The basis for the switch is the CD4053 analog multiplexer IC. This is a CMOS logic chip that contains three SPDT CMOS analog switches and the attending control logic to make them work. People who have tried these before have often complained that they pop or distort, and have then moved on and forgotten them.
There are some tricks to using this chip. First – the analog inputs and outputs need to be held somewhere near the middle of their power supply. The 4053 does have a “Vee” supply pin that lets it control signals near 0V, but that is often a fair amount of trouble to use. the simplest thing to do is to AC couple the in/out pins and bias them to the middle of the 4053’s power supply. In a +9V system, this only needs a two resistor divider and a cap, then a resistor and capacitor per in/out pin.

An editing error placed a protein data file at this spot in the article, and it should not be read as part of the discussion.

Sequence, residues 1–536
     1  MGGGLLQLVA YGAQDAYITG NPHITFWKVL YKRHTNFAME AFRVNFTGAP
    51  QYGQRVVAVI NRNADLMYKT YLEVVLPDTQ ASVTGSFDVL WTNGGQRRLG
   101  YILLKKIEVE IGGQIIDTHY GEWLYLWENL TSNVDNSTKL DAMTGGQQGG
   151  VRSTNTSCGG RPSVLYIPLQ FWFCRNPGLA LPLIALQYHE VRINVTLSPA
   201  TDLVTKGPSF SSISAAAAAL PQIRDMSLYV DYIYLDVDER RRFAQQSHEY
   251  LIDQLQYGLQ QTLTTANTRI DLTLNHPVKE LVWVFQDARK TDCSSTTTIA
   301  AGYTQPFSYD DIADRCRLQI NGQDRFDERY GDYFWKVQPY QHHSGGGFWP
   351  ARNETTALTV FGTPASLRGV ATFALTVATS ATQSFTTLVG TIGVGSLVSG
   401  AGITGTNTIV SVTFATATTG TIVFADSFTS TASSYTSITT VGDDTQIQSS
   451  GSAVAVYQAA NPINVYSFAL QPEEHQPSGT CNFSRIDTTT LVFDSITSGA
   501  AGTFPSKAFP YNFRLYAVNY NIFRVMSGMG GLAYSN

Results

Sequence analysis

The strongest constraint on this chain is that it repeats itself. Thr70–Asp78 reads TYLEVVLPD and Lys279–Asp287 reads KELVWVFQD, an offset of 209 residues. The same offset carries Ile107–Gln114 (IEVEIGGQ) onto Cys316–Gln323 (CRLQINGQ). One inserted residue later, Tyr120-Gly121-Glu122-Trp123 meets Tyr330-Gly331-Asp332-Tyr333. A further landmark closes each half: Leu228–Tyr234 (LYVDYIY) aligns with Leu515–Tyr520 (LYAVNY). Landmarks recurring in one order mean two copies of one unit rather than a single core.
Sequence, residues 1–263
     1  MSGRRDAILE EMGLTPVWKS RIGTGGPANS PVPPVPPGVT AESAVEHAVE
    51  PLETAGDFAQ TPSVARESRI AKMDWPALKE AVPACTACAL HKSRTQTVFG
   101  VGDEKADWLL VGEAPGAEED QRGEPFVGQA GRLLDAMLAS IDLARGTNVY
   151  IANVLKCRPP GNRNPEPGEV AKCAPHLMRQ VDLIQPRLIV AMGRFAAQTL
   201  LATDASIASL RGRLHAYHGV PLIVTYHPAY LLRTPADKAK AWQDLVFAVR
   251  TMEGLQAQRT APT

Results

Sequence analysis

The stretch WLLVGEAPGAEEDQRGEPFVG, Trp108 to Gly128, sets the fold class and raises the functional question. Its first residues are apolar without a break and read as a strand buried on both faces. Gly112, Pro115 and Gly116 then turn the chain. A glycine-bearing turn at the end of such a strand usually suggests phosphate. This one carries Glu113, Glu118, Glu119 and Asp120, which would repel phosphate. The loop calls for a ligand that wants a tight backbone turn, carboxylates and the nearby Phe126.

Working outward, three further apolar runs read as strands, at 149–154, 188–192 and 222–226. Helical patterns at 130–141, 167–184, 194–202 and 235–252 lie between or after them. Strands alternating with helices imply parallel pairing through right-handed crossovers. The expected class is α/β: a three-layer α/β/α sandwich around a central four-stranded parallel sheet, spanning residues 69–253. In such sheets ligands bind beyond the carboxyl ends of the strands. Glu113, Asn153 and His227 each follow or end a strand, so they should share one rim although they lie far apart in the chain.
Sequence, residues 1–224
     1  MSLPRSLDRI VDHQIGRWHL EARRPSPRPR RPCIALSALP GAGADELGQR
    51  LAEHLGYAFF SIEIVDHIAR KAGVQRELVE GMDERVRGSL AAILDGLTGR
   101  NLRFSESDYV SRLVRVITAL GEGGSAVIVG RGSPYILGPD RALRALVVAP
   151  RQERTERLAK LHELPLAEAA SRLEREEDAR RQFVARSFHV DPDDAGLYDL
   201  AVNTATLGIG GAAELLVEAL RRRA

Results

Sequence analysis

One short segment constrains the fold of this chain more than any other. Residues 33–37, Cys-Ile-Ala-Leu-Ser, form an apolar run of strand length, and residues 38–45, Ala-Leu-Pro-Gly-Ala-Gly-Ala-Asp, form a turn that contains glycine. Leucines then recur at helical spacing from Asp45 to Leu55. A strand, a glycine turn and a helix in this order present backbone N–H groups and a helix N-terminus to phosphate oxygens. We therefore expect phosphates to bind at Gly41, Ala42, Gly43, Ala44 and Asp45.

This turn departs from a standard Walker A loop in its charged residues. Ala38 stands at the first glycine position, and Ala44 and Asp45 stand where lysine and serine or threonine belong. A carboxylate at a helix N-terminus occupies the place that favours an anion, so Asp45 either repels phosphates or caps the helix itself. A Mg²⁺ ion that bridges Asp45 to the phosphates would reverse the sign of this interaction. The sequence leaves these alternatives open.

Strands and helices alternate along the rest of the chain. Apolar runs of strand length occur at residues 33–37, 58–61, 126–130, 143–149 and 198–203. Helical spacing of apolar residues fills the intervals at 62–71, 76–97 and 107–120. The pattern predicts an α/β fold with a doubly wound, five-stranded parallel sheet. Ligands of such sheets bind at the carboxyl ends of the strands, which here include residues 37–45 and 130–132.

Yes, this is a pain, eats up board space, and is complicated. It works, though. When biased this way, the CD4053 has little or no distortion and no perceptible switching pops – exactly what we want.
The three SPDT switches are independent. As noted in the illustration, when “A” (pin 11) is low, “X” (pin 14) is connected to “X0” (pin 12). When “A” is high, “X” is connected to “X1” (pin 13). “B” and “C” do the same switching control for “Y” and “Z”. “Low” means below 1/3 of the Vdd voltage, or 3V in a 9V battery system. “High” is over 6V. Like all CMOS, it’s important to NEVER leave an input pin unterminated, so all control pins that are not being used must be tied to ground or some definite logic level.
When a switch is connected, it looks like a moderately nonlinear resistor between pins. The resistance varies with the signal voltage from pin to pin, which really means that for low distortion, you have to keep the current through the switch low. The switch looks like a 120 to 500 ohm resistor. So if it’s switching things that are themselves 10’s of K ohms or higher, the distortion will be low.
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